Of the human body, the anus is the part most shunned. By contrast, the face is the most privileged and public body part. The two are intimately entwined, of course, as the mouth is the entry point to the digestive system and the anus the exit point.¹ If either hole malfunctions, not only the other suffers but the whole body. With regard to Nature’s digestive system, the anus may well be its entry point and the mouth its exit. Far from existing alone, the human digestive system complements the ecosystem. The mouth appears more presentable as it serves multiple functions...

    • 2 Camp Scatology: A Comparative Study of Body (as) Waste in Japanese American Literature
      (pp. 22-36)

      Suspected as enemy aliens following the surprise attack against Pearl Harbor on December 7, 1941, 120,000 Japanese Americans and 21,000 Japanese Canadians were rounded up and incarcerated in internment camps in the western part of North America.¹ These internees were caught between West and East: their Eastern ancestry clashed with a paranoid, racist West. As memoir and fiction, internment narratives have colored a large number of Japanese American writings concerned with their ghettoization, alienation, and abjection during the war as well as after it. Historically, Japanese Americans were treated as undesirable waste to be expelled from the American body into...

  6. Intercut on Asian Penis
    • 3 Brush and Blade in East-West Cultures: Global Phallus, Colonial Acephalus
      (pp. 39-59)

      The apparently contradictory pairs in the chapter title have blood ties that go back to the nineteenth century. These cultural opposites, after the initial shock and revulsion of colonialism, begin to attract each other, driven by the urge to be one: East and West, brush and blade, the literary and the martial, head and headlessness. In the West, nineteenth- and early twentieth-century colonial loathing of the Orient gradually gives way to high-modernist and postmodernist idolization; the demonic, dehumanizing non-West metamorphoses over time into a dream-self. Whereas Conrad, Forster, Maugham, and Orwell—all implicated in colonialist ideology to various extent—project...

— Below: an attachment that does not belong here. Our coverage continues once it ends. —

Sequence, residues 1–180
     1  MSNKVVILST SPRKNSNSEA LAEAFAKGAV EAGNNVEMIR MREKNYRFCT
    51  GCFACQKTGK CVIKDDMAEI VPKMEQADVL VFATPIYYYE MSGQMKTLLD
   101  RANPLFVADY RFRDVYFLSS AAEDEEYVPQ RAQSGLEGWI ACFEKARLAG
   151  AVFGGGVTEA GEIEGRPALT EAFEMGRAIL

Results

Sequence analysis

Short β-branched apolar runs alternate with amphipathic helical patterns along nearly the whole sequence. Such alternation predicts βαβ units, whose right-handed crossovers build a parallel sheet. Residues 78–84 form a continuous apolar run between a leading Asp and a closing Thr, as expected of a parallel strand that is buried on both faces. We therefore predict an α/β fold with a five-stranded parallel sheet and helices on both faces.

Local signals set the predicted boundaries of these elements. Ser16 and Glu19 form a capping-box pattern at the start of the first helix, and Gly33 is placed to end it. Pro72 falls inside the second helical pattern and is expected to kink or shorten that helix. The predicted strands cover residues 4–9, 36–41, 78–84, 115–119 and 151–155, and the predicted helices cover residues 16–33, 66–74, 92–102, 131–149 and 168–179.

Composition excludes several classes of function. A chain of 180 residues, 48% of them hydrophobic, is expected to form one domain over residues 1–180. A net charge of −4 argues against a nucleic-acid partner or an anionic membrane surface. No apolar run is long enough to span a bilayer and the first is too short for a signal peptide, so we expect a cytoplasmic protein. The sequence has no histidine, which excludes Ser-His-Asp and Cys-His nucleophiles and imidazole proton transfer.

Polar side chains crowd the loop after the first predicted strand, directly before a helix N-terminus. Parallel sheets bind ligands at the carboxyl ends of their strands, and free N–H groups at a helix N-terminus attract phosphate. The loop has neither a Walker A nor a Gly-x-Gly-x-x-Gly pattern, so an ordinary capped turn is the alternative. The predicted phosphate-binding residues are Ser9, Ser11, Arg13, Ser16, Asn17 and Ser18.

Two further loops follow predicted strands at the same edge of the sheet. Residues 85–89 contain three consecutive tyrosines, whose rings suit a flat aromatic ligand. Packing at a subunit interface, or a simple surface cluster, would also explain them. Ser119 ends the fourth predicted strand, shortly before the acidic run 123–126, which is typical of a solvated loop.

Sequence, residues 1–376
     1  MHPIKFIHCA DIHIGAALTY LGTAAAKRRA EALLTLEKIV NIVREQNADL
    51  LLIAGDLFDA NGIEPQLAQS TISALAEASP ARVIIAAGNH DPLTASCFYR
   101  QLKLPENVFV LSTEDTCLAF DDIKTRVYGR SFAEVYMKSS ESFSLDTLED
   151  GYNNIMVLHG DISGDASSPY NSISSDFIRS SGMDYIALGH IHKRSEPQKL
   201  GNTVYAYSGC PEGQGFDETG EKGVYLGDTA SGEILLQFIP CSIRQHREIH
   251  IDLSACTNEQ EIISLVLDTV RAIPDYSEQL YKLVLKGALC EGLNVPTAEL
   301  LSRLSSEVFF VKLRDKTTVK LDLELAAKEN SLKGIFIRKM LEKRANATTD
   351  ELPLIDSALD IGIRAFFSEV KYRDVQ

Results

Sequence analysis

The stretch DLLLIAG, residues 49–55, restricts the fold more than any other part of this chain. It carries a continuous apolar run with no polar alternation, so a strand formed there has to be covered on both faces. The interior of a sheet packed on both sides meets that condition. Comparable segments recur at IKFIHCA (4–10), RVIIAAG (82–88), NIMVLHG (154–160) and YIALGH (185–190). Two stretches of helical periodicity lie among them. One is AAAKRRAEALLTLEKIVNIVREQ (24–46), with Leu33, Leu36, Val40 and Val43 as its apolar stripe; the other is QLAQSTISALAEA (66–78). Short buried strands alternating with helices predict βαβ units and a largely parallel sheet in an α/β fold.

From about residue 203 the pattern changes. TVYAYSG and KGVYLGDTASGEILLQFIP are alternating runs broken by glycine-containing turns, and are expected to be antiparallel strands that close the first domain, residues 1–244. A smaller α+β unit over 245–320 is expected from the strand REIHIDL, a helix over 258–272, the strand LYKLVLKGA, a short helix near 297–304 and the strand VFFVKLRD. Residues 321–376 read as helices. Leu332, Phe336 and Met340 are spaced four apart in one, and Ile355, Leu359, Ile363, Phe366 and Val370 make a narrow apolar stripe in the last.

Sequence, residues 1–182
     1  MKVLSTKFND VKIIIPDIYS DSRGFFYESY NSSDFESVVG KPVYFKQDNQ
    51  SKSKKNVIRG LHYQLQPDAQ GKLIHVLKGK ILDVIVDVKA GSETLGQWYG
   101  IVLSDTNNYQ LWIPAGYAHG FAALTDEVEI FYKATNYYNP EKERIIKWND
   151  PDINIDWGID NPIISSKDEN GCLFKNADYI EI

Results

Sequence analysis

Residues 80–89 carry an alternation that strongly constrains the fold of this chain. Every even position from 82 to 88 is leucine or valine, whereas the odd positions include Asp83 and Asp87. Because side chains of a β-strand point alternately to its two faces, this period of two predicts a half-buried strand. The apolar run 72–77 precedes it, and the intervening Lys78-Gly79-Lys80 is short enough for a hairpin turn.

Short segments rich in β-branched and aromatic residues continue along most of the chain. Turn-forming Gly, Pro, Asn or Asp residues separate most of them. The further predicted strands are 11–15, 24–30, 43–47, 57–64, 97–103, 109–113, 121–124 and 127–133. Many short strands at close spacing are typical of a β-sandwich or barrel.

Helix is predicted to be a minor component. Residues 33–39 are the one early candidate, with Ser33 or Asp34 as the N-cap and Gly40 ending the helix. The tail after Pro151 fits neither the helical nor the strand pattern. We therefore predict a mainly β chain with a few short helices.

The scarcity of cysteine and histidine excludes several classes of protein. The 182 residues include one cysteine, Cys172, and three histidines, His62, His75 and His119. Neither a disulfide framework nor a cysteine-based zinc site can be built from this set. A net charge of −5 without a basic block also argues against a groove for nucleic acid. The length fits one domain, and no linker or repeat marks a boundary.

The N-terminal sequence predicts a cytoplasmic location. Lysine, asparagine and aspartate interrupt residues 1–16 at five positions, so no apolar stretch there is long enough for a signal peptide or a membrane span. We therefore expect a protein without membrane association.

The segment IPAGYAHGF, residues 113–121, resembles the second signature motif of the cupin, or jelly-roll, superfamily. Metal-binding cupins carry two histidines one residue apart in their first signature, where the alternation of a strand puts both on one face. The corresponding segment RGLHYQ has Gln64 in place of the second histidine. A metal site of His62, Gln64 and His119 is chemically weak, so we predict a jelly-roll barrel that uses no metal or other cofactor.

• 4 Kung Fu Films in Diaspora: Death of Bamboo Hero
      (pp. 60-76)

      In our global village, scholarly attention has increasingly turned to Hong Kong kung fu films, exported to the world via Tsui Hark (Xu Ke), Jackie Chan (Cheng Long), Jet Li (Li Lianjie), Yuen Wo-Ping (Yuan Heping), and others. In the past decade or so, two strains in writings on what I term “Hongllywood” films have emerged: in the first, film Orientalists see in Hong Kong cinema a cultural alternative to mainstream Western productions; in the second, film nostalgics analyze the Chinese/transnational identity being constructed on celluloid. At their worst, these writings simply degenerate into fanzine plot summaries or the fetishization...